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Is MDF a good material for kitchen cabinets.

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I've used it for door panels but wouldn't be enthused about using it for cabinet cases. JMHO, will let the pros weigh in on this one:)




Yep, agree with Ken. Anything on the cabinet that's going to take some wear and tear like the frame and doors, you're better of with solid wood. You can use mdf for shelves and even panels for doors within a solid wood frame.

I agree with the gentlemen above, although they can be built with mdf you are far better off using a good cabinet plywood.  The quality you get far off sets the additional cost of the plywood.  Not only is mdf hard on your cutting tools but it is brittle and heavy weighing about twice that of a quality wood cabinet. 

 If you are going to build a cabinet out of something other that plywood and you are building a standard face framed cabinet, then go to melamine.   This is a mdf type of material covered with a baked on coating.  There is two types of melamine with the cheaper one having the coating almost like painted on.  The best is the industrial type that is baked on and highly resistant to stains and wear and tear like skuffing and abrassions.  It is best used  only for the cabinet box and then use hardwood for the face frames and doors.  Many desire these due to the ease of cleaning the cabinet interiors, as you can just wipe it out using a cleaning agent.

If you are building the European style, which is frameless, use the iron on tape that is heated and applied to the exposed edges.  You can build slab doors from this as well and use the tape on the raw edges as well.  I would reccomend using the European hinge system as the 35mm cup hole is superior to adjustment and holding power over the screw on hinge system.

However the melamine is a type of cabinet that is pretty much the "plain jane" type with no personality having a limited choice  of color of which the most common is white or black.

I have build several such cabinets for industrial purposes such as medical clinics, dental labs and dental offices due to the east of maintaining sanitary conditions and cleaning. 

I have found that melamine will hold screws pretty well but the joints should all be glued.  The best glue that I have found for this is one called "Roo glue " using the type for plastics. It is tough and dries to a clear finish.  something to be aware of is that nails do not hold very well in joints causing many cabinet makers to resort to staples.  I personally   roo glue and screw every joint with kreg screws. 

Although the melamine cabinet has its place in industry it is still not what I perfer to use in building any cabinet for a home use.  You will find these in many apartment buildings and business buildings due to cost factors but still most will be the ones with melamine boxes and wood face frames and doors. 

In the UK, all of the manufacturers use MDF. It takes finish well and is highly durable.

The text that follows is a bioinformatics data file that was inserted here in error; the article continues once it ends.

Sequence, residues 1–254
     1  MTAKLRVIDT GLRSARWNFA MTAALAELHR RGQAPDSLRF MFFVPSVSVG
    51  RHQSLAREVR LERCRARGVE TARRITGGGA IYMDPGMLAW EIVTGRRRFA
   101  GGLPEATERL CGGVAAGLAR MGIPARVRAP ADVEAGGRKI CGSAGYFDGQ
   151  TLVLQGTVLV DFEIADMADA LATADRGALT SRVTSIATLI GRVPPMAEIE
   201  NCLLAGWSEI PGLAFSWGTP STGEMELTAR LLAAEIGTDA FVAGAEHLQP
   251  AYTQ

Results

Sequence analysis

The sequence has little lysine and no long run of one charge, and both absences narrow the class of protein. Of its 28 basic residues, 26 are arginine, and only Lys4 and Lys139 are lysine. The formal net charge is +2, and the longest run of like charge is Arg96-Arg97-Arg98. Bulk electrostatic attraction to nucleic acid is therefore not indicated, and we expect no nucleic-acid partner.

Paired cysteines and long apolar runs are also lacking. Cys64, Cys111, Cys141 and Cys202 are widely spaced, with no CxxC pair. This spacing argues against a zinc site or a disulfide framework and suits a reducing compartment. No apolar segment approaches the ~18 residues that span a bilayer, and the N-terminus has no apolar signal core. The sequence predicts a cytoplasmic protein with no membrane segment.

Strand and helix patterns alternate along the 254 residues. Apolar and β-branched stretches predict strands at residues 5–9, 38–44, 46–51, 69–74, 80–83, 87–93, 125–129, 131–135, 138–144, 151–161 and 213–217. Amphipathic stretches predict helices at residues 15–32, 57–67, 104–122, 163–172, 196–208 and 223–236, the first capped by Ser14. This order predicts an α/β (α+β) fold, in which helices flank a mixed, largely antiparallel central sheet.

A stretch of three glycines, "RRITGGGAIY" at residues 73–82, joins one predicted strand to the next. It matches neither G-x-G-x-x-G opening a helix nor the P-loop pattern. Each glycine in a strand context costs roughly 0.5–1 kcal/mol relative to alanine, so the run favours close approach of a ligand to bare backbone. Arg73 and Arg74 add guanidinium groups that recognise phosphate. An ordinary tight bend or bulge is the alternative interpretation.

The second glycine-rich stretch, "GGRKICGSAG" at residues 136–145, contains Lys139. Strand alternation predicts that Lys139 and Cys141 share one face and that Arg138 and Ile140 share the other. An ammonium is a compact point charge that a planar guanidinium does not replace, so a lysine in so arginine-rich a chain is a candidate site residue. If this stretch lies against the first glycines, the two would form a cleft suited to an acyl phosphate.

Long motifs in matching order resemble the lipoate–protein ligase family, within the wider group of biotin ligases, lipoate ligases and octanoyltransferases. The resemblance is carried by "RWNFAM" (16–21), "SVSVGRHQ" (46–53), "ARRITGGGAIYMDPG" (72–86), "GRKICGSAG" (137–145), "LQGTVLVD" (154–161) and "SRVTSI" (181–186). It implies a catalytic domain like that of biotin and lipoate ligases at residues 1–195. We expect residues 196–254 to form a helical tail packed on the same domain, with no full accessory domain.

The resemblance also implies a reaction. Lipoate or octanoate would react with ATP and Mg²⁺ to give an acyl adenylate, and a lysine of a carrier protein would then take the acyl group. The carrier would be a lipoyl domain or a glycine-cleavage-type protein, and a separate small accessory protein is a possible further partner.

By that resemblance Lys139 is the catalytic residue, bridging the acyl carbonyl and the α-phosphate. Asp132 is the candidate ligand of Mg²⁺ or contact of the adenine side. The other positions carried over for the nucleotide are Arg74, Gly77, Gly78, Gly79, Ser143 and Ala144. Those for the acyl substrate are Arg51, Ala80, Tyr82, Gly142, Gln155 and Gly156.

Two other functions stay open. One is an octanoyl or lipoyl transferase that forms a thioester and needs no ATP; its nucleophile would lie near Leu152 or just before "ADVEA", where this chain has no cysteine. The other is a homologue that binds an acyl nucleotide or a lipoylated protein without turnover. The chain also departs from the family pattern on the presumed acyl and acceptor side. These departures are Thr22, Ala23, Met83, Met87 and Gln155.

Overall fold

You need to seal it with a good grade of MDF sealer and preferably coat with a water impervious paint.

Ensure that all edges are well sealed. Bare MDF does not go well with water!

This is a tough question for me.  I am one of the few that loves to use MDF.  I wouldn't use it for kitchen cabinetry.  But use it for anything else.  

If cost is the reason you're looking at MDF you can just use 1/2 cabinet grade plywood, and 3/4 for your shelves.


Well, MDF is very popular nowadays and performs much better than solid wood in many areas. I don't think having MDF cabinets in kitchen will create any problem. Rather MDF cabinetry is less complicated. It won't create any cracking or peeling as like solid wood. One more reason to go with MDF cabinets is that it is often less expensive that solid wood. If you want you could also have a professional advice to get some more helpful hints.

I live in an area with several dozen cabinet shops. An article in the local paper last week estimated 100 shops. I work with many of them and it is a common opinion with them that cabinets made with MDF are low quality.

I have heard that for decades and can't help but think the same way.

Hi David,  I have over a quarter century building cabinets professionally and I have to agree with you as they are low quality and most often very poorly built simply as building a higher quality of cabinet would take much longer and defeats the purpose of speed and cost.  The biggest problem with melamine MDF is that it is brittle, chips out and splits during construction and movement as well as normal wear and tear once installed.  They are heavy in weight and will not take exposure to water and humidity without adverse effects.  

 I have written on here several posts written from my experience and available using the search option of the site and inserting  melamine cabinets.  If you want a good cabinet I do not recommend MDF as it will end up being inferior to that of a good wood build cabinet.
David Freed said:

I live in an area with several dozen cabinet shops. An article in the local paper last week estimated 100 shops. I work with many of them and it is a common opinion with them that cabinets made with MDF are low quality.

I have heard that for decades and can't help but think the same way.

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